But now I know I can do this, and I believe I can sustain it. It helps a lot that we’re all working from home. I’m not missing out on any hallway conversations, or struggling to hear or be heard on a meeting I’m taking online with a bunch of people in a conference room.

There is a downside. As a manager I’m used to having a lot of meetings every day. But now my calendar is packed — I go from one Zoom room to another all day. I think this compensates for the lack of organic conversations that happen naturally at the office. There has to be a better way, but we haven’t found it yet as an organization. By the time I shut off Zoom at day’s end, I’m drained.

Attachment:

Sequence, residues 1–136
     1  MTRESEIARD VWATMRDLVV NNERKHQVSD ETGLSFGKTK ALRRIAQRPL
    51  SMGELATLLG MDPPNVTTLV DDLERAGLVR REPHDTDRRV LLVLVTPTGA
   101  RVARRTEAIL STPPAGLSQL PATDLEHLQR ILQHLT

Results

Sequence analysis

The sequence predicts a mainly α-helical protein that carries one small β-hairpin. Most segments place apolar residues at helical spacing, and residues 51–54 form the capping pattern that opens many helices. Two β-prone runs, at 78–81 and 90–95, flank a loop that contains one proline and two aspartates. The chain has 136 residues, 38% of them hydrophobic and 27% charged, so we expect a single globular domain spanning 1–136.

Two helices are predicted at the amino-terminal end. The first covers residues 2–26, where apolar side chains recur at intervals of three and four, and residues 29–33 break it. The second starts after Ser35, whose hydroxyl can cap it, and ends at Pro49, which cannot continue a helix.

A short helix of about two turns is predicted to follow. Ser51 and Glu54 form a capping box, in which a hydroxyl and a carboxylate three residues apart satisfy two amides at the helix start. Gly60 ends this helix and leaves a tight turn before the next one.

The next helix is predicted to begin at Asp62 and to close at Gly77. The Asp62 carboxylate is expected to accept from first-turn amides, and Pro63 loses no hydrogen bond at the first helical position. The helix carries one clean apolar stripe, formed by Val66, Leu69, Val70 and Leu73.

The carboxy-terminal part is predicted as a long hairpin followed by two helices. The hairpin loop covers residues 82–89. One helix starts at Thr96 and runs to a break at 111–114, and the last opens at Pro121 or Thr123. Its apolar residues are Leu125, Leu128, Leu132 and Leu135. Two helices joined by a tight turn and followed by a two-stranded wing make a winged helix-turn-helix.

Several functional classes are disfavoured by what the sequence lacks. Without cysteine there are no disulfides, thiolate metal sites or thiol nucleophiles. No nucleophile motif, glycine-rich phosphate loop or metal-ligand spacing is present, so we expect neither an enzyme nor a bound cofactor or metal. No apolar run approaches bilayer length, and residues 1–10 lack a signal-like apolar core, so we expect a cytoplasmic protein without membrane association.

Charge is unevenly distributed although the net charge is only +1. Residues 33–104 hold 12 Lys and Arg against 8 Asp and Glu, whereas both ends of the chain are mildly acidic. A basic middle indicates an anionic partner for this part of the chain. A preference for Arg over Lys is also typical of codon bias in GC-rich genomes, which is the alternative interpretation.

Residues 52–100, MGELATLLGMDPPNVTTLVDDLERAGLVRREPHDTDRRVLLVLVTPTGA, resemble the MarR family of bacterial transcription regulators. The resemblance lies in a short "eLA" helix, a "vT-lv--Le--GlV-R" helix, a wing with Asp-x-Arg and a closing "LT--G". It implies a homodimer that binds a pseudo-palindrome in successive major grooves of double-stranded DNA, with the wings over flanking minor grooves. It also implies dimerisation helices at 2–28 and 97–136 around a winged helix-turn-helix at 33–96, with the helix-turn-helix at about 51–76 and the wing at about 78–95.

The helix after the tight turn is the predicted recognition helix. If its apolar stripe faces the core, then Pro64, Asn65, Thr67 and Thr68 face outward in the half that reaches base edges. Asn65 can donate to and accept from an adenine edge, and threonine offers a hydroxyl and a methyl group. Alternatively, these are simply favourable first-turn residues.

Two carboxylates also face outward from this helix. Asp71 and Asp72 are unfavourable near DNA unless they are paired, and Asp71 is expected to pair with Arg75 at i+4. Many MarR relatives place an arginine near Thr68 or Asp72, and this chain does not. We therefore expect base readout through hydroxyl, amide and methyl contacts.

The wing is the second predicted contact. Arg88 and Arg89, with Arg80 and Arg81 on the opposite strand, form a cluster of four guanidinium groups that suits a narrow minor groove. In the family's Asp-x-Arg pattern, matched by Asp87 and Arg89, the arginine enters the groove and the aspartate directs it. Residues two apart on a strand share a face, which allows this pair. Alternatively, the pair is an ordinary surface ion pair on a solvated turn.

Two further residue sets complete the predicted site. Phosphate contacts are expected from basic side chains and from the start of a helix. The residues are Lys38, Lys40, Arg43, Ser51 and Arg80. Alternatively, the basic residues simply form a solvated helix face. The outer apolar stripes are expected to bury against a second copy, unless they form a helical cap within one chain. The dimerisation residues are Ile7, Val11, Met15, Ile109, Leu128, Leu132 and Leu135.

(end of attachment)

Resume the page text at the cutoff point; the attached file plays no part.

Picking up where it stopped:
To give myself a break, I’ve blocked my calendar 30 minutes in the morning and afternoon so I can catch up on messages and go to the bathroom. I tell my colleagues that if God Himself sends me a meeting request for those times, I’m declining it.

I’m also blocking 90 minutes at lunch. I eat something in the first 30 minutes while I again catch up on messages, but then I step away from the computer the rest of that time. If it’s not raining and my old hip injury isn’t bothering me, I take a walk around the neighborhood.

I bring a camera on those walks. I’m shooting more film now that I’m stuck at home. At first, it was a distraction that helped me cope with all the changes. Now I see it as an opportunity to finally burn through my queue of new-to-me old cameras, and shoot the last few of my collection in Operation Thin the Herd. Soon you’ll see the fruits of this labor here on the blog. It’ll be a nice break from the road-trip posts I’ve been bringing over from my old site.